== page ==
Talarico bested Republican Lucio Valdez by roughly 4,427 votes (46,447 to 42,020 votes or 48.6 to 51.4%) in the Nov. 3 election. The last time a Libertarian ran in that district the Libertarian garnered 1,633 votes (roughly 5%) while incumbent Rep. Larry Gonzales won re-election with 56.4%.
But in Maynard’s contest the edge was much narrower — a squeaker of a race in which Maynard took 50.9%, Democrat Marsha Burnett-Webster won 45.8%, and Libertarian Siebold 3.3%. Siebold came within striking distance of tipping the balance to the Democrat.
The question remains whether third parties draw primarily from one party or the other thus “spoiling” either of the major candidates. In the case of Joregenson, she said in an interview with Reuters that Trump and Biden were their “own spoilers by not following through on their campaign promises” — particularly Trump who was unsuccessful in reducing the deficit or balancing the budget. That’s a conservative argument, though Jorgenson ruffled feathers by saying she would, if in charge of a company, fire employees for critiquing the Black Lives Matters movement — a leftist position if there ever was one.
Third parties will continue to be an enigma in American politics in the meantime. And sometimes they draw equally enigmatic personalities as candidates.
The dream of “ending the two-party system” is short-sighted. America’s elected-participatory system of party representation (county party officials often on the ballot, convention delegates and alternates chosen by voters at the base level, etc.) has taken the usual behind-the-curtain dichotomy in parliamentary systems (typically an administrative coalition versus the opposition) and put it in front of the curtain in the form of two major parties. Some would argue a two-party system is all but guaranteed due to the plurality voting system in effect in most localities throughout the U.S.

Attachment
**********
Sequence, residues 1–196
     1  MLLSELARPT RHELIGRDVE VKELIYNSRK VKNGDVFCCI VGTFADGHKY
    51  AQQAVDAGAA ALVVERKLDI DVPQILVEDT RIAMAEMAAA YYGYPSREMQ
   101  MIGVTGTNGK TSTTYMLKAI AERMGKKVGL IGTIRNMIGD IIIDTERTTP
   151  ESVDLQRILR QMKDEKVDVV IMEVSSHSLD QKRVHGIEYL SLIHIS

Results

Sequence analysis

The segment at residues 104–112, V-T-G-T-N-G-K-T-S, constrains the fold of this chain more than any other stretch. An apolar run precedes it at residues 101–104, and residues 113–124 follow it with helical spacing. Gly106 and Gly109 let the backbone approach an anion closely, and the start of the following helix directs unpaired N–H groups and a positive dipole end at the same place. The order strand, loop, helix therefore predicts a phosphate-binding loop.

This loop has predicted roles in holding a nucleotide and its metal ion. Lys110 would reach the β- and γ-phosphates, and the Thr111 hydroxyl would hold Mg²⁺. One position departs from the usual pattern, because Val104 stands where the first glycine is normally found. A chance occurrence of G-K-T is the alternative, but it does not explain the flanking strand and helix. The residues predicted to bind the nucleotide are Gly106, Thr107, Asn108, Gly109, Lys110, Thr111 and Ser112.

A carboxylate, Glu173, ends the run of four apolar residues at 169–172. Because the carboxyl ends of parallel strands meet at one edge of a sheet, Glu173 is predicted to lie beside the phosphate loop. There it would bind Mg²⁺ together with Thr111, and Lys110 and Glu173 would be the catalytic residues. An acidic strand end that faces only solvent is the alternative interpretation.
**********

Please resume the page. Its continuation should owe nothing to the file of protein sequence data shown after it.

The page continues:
Until one of the two major parties experiences a massive schism or realignment of platform principles, Libertarians and Greens — as well as supporters of the Constitution Party, the American Solidarity Party, any of the Socialist or Communist parties, or a surprisingly a still-active Prohibition Party — will continue to move the lever as vocal minorities.
Addendum: There is now a Libertarian state legislator in the U.S. — one of five Libertarians who have ever held a legislative seat in the history of the state of Wyoming and one of 13 across the nation. Marshall Burt ousted incumbent Stan Blake in Wyoming House of Representatives District 39 by a margin of around 300 votes. There was no Republican on the ballot in the district, which went 70% for Trump. Burt ran a conservative campaign, also touting his Marine and firefighting experience.
UPDATES (11/11/20): Correction made to photo caption, Siebold was incorrectly placed. Libertarian state legislative seat info corrected. Note added that plurality voting is a possible a reason for the two-party system in the U.S.